A tale of rogue apostrophes undermines Irish council's expectations

By Max Goldbart, Friday 11 August 2017

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A Northern Irish council has been forced to shell out more than £1,000 after printing leaflets, posters and billboards for a performance of Charles Dickens’ Great Expectations with an apostrophe in the wrong place.

solitude-park-banbridge-4-geograph

The performance took place in Solitude Park, Banbridge. Image: Albert Bridge

Armagh, Banbridge and Craigavon Council was attempting to advertise a free performance of a dramatisation of the Dickens classic, which took place on 21 July at Solitude Park in Banbridge, but the promotional material was printed with an apostrophe before the 's' in 'Dickens', instead of afterwards.

The BBC reported that it had to spend £332 on flyers, £295 on reprinting advertising boards, £290 on a window vinyl, £140 on correcting 48 sheets and £95 on delivering additional leaflets. PrintWeek was unable to establish who printed the materials.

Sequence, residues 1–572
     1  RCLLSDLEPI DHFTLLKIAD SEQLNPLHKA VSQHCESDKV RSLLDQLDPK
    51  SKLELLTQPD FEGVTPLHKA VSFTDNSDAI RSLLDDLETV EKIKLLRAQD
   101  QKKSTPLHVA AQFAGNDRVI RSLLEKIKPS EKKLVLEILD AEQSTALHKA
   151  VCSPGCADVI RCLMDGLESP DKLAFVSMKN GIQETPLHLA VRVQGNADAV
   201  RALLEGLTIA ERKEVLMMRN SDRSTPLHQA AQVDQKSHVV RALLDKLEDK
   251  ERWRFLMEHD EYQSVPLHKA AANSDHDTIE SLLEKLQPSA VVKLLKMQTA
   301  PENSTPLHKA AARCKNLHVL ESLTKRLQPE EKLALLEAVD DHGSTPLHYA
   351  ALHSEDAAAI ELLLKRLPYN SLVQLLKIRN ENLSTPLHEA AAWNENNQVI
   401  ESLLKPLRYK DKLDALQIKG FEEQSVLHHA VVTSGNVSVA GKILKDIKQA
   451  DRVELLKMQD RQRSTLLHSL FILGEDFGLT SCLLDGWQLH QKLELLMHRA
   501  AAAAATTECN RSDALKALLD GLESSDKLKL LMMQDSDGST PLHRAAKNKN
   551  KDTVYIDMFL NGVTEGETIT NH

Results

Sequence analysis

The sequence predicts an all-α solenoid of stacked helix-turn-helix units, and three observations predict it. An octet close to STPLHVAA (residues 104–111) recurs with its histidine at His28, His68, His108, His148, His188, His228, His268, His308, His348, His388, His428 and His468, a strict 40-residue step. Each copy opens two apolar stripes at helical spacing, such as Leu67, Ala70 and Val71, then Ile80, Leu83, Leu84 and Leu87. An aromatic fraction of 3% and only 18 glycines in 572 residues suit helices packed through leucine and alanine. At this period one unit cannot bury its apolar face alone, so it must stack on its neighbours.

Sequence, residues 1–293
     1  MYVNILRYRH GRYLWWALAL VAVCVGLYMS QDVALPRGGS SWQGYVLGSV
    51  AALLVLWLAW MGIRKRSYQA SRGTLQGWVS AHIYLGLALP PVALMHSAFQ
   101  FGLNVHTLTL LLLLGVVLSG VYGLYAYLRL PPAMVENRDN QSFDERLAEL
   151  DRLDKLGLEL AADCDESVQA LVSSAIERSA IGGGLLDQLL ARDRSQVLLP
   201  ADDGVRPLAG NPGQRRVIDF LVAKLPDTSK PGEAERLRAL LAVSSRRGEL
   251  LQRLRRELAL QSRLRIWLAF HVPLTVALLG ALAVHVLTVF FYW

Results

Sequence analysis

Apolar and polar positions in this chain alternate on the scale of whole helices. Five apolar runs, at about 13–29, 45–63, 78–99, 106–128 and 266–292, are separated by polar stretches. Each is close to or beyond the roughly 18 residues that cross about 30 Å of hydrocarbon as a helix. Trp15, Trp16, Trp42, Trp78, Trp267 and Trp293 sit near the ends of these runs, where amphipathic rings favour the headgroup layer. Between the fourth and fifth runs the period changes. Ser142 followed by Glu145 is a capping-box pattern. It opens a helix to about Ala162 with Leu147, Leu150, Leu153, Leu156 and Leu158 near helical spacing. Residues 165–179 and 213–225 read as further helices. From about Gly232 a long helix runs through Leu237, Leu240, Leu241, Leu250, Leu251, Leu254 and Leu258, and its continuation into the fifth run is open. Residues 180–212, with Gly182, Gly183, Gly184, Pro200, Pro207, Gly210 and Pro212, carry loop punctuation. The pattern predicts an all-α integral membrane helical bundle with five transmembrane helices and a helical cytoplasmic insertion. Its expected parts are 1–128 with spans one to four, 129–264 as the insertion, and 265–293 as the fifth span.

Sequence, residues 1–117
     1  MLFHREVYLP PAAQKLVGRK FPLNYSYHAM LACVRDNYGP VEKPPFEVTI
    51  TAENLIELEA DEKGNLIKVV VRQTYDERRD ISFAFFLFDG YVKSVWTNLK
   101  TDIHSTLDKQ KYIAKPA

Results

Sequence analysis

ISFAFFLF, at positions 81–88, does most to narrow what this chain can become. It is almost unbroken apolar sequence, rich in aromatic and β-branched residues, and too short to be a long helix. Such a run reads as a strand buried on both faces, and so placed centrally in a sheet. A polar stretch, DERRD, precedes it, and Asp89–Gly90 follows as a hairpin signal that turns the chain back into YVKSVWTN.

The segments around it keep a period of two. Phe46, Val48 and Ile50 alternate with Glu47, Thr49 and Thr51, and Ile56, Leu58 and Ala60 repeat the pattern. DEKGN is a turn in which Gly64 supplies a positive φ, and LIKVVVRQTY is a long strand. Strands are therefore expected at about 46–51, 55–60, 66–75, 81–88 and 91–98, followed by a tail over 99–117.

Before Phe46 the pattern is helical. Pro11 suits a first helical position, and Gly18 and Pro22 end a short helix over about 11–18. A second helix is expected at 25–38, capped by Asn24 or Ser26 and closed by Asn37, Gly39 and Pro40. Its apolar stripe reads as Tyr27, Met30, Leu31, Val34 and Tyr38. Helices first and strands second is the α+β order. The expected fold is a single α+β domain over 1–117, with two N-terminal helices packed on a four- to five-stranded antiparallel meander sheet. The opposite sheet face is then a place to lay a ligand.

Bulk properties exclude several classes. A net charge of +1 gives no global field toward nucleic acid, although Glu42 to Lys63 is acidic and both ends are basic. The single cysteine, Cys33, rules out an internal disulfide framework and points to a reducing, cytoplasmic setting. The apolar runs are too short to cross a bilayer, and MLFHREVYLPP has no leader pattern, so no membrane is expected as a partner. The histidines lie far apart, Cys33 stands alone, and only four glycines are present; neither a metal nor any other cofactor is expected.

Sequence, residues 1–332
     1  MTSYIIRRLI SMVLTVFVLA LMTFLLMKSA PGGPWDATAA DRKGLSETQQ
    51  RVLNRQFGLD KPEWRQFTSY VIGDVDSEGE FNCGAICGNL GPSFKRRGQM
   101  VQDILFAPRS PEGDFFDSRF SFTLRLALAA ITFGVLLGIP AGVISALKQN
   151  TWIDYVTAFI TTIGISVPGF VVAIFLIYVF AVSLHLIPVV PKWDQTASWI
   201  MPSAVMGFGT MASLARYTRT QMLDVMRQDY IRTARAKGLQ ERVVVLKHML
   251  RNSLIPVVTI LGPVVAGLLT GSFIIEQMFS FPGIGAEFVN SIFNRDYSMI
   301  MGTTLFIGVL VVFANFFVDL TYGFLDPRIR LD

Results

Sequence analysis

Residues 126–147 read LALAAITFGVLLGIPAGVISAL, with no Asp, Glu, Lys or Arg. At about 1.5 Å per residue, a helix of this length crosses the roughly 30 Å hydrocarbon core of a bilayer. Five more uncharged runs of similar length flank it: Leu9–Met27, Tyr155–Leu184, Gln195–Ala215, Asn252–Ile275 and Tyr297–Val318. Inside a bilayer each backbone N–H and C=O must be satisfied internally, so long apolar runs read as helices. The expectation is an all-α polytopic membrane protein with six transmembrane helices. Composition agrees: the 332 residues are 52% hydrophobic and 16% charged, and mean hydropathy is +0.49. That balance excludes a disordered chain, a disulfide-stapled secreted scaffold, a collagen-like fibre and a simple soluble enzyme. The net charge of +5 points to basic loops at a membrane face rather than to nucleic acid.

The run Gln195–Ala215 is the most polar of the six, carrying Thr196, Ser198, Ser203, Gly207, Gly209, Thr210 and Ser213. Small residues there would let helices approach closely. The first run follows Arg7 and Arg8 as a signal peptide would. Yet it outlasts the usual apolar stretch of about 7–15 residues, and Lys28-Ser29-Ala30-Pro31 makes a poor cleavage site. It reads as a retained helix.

A statement from Armagh, Banbridge and Craigavon council blamed “human error” for the problem. 

“To promote our outdoor theatre production of Great Expectations by Charles Dickens, we produced a variety of advertising and publicity materials to maximise public awareness of this exciting free event. Unfortunately, due simply to human error, a misplaced apostrophe was not picked up,” it said.

“Discovering the error, we weighed up whether or not to replace the material and, given that the event was a celebration of such a literary giant and in line with our own commitment to best practice, decided that it was the right thing to do.   

“We are delighted to report that the event was a huge success, with several thousand attendees enjoying the unique spectacle of Great Expectations performed in the beautiful surroundings of Solitude Park, Banbridge.” 

The incident is not the first to be reported of human error leading to forced reprints over the past couple of years. A Freedom of Information request from the Daily Mirror earlier this week found that 474,280 incorrectly printed tube maps had to be pulped last year. 

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